There are thousands of people that sign up to take the GMAT and meet this kind of description. Because of the thousands of scores of 50 or 51 in the Quantitative section and 30 to 35 in the Verbal section, the GMAT score percentiles are massively distorted. As a result, many applicants may have the impression that they score very well on the Verbal section but very poorly on the Quantitative section.
In other words, getting into a high Quant percentile is much more difficult than obtaining a high Verbal percentile. But do not worry! Your GMAT percentile scores are only a different way of expressing your result. Business schools are primarily interested in your total (not percentile) score and the section subscores.
Determining Target GMAT Scores and Percentiles
You should be more concerned with achieving a target GMAT score than focusing on a specific GMAT score percentile because percentiles fluctuate from year to year. Find out what your target GMAT score should be by researching the requirements of the institutions to which you plan to apply to.
The majority of colleges make their average GMAT acceptance rates public. These details are available on each school’s website. If you can’t find it, you may contact the admissions office by phone or email directly for further information.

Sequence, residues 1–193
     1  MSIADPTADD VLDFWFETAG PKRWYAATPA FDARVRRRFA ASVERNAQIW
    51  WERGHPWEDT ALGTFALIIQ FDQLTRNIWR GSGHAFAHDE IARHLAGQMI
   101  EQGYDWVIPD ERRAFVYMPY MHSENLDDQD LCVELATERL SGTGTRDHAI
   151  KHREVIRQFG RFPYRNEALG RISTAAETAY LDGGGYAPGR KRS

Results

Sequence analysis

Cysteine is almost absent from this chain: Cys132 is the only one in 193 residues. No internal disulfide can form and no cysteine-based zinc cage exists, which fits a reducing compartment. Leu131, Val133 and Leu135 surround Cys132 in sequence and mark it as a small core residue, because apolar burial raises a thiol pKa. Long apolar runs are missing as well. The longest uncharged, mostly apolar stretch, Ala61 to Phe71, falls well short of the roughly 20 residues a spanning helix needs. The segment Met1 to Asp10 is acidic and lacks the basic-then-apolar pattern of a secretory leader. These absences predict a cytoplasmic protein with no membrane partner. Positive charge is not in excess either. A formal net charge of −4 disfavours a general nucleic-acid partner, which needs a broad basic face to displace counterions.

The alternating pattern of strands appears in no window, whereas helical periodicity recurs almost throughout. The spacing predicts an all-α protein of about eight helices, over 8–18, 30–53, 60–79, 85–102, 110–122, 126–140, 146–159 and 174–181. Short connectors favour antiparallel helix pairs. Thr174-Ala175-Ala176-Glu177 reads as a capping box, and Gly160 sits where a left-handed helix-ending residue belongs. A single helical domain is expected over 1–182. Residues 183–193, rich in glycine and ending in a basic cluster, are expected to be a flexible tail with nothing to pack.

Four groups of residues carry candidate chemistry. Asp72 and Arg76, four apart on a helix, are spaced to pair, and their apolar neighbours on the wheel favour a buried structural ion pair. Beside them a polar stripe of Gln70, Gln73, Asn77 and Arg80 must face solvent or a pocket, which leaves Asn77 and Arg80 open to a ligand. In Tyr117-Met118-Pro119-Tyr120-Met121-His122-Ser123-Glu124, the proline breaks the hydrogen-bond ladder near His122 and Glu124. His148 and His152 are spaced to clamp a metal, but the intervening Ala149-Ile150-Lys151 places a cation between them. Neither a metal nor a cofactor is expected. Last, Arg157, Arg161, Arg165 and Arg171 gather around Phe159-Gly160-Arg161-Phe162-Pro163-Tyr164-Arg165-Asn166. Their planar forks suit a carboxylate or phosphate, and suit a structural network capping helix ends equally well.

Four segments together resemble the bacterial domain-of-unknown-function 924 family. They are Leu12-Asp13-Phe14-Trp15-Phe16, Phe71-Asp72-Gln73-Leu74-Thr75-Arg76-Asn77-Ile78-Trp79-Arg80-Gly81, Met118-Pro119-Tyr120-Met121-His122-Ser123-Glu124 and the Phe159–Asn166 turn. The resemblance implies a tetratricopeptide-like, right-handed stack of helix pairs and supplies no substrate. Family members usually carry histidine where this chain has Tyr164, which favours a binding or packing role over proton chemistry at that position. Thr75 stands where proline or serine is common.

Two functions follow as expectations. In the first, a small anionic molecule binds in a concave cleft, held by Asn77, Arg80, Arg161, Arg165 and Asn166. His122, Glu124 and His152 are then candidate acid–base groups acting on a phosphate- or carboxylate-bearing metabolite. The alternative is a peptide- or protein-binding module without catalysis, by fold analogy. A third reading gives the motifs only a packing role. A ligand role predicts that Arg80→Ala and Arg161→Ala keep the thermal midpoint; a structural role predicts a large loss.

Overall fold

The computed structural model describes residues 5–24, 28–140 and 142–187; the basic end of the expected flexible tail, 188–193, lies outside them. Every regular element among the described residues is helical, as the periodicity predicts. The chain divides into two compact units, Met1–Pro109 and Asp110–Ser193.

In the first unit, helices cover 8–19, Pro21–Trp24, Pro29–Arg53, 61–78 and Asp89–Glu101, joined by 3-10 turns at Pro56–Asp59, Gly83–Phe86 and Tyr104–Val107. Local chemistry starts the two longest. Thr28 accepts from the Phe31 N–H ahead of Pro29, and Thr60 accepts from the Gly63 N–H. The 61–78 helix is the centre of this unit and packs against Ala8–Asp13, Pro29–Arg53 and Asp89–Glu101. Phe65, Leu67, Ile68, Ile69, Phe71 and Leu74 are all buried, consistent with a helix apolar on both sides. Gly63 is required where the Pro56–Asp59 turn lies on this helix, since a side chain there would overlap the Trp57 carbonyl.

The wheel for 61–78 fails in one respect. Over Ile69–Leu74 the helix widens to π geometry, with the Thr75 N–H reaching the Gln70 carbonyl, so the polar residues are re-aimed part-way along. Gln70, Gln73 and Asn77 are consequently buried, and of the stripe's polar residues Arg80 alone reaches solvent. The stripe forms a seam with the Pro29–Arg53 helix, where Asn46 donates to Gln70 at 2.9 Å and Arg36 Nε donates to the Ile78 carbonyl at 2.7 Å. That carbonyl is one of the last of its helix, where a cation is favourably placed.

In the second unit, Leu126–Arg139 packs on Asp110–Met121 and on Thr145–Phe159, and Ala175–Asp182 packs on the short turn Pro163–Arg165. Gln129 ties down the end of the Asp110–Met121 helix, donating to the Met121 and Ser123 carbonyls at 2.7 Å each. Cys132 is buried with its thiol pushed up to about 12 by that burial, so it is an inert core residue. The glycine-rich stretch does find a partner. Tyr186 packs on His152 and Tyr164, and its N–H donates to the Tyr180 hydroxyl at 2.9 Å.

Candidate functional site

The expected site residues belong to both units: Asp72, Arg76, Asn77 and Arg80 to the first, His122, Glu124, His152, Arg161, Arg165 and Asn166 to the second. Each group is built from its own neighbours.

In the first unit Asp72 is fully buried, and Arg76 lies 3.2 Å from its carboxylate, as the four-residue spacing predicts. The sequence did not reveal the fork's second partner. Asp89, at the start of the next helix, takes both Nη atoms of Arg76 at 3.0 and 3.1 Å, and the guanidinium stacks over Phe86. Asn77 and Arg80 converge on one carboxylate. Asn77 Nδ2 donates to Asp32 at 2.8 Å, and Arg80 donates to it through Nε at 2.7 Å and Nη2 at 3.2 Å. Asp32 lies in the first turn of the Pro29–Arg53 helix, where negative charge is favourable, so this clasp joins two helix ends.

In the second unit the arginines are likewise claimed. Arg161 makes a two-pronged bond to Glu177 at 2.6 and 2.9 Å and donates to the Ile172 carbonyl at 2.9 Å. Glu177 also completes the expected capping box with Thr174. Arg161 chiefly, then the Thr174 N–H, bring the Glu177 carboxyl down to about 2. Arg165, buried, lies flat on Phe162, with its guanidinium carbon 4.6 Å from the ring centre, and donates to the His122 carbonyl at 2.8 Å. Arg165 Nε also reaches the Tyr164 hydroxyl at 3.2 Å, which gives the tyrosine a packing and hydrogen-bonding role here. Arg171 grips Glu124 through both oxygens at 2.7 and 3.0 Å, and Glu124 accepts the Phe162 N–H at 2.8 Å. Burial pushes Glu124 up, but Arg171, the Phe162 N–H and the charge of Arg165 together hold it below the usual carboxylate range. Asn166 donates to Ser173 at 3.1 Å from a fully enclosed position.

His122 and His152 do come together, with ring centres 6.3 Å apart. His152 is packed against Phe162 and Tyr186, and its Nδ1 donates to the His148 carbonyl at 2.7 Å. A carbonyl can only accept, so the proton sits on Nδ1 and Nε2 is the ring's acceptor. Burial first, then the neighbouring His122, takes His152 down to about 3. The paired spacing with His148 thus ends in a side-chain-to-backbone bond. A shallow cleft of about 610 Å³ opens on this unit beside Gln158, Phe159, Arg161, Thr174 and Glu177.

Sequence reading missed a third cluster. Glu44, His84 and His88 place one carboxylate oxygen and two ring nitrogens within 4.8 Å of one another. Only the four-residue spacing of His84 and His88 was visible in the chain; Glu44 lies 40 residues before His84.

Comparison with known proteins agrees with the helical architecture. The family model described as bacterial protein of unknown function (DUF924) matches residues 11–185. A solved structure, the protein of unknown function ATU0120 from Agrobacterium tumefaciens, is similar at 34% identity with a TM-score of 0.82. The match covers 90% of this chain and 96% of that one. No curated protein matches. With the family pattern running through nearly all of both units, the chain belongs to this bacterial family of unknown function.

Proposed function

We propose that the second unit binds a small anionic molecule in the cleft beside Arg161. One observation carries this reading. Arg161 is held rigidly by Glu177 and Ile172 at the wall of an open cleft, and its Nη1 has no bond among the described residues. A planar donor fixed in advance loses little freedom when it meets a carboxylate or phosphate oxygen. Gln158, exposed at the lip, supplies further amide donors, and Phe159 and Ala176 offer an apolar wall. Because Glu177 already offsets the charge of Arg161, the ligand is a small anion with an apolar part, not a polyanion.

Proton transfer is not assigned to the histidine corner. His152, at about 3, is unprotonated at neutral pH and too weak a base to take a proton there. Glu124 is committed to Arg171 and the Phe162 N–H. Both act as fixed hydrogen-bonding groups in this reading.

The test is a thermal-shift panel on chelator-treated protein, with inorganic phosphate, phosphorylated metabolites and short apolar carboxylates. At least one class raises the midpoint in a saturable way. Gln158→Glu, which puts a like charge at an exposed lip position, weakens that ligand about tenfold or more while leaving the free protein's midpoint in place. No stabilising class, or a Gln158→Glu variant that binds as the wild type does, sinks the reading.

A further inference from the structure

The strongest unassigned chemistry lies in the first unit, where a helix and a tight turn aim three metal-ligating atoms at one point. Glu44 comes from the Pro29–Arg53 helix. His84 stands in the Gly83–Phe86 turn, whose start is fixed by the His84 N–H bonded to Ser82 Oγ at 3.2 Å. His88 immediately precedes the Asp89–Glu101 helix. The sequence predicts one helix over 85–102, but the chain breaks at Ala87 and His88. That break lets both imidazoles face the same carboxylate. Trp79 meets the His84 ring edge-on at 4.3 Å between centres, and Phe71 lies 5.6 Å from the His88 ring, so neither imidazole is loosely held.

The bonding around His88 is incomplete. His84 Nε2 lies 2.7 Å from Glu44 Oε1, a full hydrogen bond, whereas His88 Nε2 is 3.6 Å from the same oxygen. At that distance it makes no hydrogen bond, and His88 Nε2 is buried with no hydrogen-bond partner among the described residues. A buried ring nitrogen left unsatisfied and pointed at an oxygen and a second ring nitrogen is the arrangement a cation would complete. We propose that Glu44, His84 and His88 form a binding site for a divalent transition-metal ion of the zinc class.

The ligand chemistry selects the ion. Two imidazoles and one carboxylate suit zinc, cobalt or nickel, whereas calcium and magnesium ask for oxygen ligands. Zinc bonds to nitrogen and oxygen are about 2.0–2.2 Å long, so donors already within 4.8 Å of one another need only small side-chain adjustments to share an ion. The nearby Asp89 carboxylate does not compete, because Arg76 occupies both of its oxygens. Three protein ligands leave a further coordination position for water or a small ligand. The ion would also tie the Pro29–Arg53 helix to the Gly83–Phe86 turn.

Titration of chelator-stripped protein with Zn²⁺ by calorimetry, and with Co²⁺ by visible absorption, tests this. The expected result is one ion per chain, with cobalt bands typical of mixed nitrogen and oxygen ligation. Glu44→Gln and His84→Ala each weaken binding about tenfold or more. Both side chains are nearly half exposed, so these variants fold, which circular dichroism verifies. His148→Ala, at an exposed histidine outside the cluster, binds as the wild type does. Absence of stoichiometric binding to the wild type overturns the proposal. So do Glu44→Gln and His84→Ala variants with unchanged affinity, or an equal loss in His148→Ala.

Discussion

After exploring business schools, spend some time getting acquainted with the GMAT, including its format and scoring. Create a customized study scheme that will assist you in achieving your desired score and demonstrating to admissions committees that you are a good candidate.
Percentiles are helpful for MBA programs since they let universities know how you scored on the GMAT in comparison to other applicants. However, the percentile scores should not be your main attention. Instead, focus on getting a good GMAT score, and of course ideally great scores on both the Quant and Verbal sections. These will be the main point of attention for the business schools you’re applying to, too. In addition, your scores do not change over time, while the corresponding percentiles do if you compare scores from previous years to those from the current year.